Herb Mix

A collection of scrumptious cooking herbs – a perfect addition to a kitchen garden! Each seed ball contains approximately 10 seeds from a mix of Basil, Dill, Parsley, Chives and Sweet Marjoram, which can be grown on a sunny spot on a kitchen windowsill inside (be sure to keep well-watered) or in a garden bed or pot outdoors. Do leave some of your Chive and Sweet Marjoram to flower, bees will love it!

Scatter at any time from early Spring until late Autumn 🙂 Each tin contains 20 balls, enough to cover 1 metre square in a garden bed or 3-5 medium sized pots (leave at least 10cm between each ball).

£6.00

Basil (Ocimum basilicum)

Aromatic annual or biennial with bright green, elliptic leaves and small, tubular white or pink-tinged flowers
Geeklet: The Latin word basileus means king: in ancient times these leaves were used to create perfumes for monarchs.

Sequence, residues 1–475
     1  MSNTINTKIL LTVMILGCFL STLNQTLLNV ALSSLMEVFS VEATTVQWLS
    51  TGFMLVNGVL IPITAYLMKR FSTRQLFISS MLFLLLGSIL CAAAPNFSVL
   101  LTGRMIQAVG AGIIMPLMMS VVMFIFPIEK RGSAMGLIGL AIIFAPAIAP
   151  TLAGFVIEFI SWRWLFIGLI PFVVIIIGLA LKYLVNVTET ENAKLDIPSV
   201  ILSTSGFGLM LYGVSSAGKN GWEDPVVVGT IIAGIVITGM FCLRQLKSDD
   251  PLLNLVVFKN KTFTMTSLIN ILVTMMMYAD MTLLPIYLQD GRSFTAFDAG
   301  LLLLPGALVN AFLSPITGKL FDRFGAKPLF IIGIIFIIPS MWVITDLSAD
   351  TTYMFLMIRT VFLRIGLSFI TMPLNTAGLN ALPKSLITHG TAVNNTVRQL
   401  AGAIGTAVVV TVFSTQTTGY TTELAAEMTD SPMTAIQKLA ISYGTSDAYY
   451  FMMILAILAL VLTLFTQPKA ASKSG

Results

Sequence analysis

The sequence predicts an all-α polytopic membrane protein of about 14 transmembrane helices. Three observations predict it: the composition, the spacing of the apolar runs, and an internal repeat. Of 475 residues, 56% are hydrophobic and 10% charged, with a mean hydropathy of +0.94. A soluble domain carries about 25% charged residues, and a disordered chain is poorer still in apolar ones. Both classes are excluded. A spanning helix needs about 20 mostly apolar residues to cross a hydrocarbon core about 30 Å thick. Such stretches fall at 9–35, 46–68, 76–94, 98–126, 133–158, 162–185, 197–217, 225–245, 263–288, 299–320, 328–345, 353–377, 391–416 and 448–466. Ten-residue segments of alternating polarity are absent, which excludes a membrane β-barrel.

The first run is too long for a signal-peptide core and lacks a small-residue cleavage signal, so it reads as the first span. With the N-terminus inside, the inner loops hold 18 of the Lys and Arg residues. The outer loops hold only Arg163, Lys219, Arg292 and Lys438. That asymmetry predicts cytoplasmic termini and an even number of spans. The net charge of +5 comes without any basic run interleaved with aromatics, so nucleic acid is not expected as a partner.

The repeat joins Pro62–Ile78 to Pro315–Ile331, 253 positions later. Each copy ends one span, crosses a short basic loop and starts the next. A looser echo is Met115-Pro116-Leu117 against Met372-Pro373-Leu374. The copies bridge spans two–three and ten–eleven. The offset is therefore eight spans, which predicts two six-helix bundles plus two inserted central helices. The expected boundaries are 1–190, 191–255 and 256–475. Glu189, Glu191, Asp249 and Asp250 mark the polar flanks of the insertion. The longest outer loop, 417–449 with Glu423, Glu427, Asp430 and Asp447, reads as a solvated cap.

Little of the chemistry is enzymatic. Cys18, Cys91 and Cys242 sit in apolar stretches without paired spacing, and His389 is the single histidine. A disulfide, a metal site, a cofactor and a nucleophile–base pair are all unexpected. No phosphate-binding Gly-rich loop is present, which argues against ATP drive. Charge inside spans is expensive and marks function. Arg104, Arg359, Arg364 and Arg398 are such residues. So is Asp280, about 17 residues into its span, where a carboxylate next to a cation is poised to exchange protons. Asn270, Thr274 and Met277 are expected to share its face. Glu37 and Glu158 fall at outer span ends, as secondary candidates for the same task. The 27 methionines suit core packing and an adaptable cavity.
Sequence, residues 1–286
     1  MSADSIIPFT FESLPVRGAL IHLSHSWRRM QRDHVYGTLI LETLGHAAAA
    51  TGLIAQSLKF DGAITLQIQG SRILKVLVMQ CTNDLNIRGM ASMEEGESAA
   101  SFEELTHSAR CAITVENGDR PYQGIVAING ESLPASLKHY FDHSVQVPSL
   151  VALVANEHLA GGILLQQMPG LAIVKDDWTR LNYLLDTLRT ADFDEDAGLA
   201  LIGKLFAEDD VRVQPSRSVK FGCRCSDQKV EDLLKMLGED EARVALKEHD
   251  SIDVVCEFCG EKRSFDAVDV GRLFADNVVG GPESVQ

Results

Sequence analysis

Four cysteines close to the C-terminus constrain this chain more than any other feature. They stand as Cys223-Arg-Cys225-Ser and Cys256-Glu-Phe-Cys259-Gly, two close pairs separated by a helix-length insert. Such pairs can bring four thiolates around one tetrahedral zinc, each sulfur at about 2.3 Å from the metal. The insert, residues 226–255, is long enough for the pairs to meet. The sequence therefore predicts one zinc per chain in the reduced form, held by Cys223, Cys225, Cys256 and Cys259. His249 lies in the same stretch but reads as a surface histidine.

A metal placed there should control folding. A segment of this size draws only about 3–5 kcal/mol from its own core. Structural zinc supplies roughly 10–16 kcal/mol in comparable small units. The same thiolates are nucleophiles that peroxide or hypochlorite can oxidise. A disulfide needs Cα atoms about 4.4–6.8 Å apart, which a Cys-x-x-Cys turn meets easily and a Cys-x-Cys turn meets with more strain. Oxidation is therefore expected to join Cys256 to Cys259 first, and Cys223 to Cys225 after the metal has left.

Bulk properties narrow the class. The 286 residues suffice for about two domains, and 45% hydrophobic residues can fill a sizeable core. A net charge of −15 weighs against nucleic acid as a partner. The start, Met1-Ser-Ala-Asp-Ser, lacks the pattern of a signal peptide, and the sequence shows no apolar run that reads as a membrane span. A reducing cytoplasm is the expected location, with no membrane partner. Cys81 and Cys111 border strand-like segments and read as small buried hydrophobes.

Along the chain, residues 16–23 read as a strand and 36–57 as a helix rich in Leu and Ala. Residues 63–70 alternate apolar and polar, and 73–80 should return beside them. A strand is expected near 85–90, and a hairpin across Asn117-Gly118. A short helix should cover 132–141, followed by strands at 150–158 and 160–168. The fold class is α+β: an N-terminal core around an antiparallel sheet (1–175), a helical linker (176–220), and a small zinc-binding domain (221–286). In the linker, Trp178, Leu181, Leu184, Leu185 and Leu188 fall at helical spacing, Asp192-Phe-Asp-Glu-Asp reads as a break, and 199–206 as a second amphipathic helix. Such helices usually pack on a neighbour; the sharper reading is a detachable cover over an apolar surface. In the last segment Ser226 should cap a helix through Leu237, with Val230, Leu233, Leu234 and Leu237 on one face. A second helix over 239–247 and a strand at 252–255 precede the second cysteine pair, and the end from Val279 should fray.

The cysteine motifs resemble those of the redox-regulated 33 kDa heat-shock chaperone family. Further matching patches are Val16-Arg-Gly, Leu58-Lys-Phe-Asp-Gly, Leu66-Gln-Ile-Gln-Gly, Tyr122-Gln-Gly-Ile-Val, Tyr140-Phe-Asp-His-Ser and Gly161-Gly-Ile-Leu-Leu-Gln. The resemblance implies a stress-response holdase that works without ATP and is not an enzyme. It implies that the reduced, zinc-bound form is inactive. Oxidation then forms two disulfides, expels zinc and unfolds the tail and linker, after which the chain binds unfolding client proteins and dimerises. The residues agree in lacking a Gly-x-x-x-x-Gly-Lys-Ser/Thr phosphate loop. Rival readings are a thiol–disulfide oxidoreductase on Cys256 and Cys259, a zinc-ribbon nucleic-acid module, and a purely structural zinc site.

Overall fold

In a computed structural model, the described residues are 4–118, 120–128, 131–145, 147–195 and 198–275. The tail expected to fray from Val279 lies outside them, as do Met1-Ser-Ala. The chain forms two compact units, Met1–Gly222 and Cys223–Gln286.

Chives (Allium schoenoprasum)

Allium are bulbous herbaceous perennials with a strong onion or garlic scent, linear, strap-shaped or cylindrical basal leaves and star-shaped or bell-shaped flowers in an umbel on a leafless stem
Geeklet: Chives have a long history of use in the kitchen, with some recipes from China going back at least 5,000 years.

Dill (Anethum graveolens)

Its leaves are invaluable for cooking: its flowers for decorating salads and arranging, and its seeds for salads, baking and tagines.
Geeklet: Dill has been used for thousands of years, and in England in the 5th to 11th centuries it was used to treat headaches, stomach illness, boils and nausea, and other sickness.

Parsley (Petroselinum crispum)

Aromatic biennials with broad, pinnate to 3-pinnate leaves and compound umbels of small white or pale green flowers.
Geeklet: There was an ancient belief that plucking a sprig of parsley while saying one’s enemy’s name would bring about the death of said enemy!

Sweet Marjoram (Origanum majorana)

Leaves and flowering sprigs are popular in Greek and Italian meat dishes, soups, stuffings, tomato sauces and pasta, where they are best used towards the end of the cooking process.
Geeklet: It was once believed that marjoram helped to nurture love.

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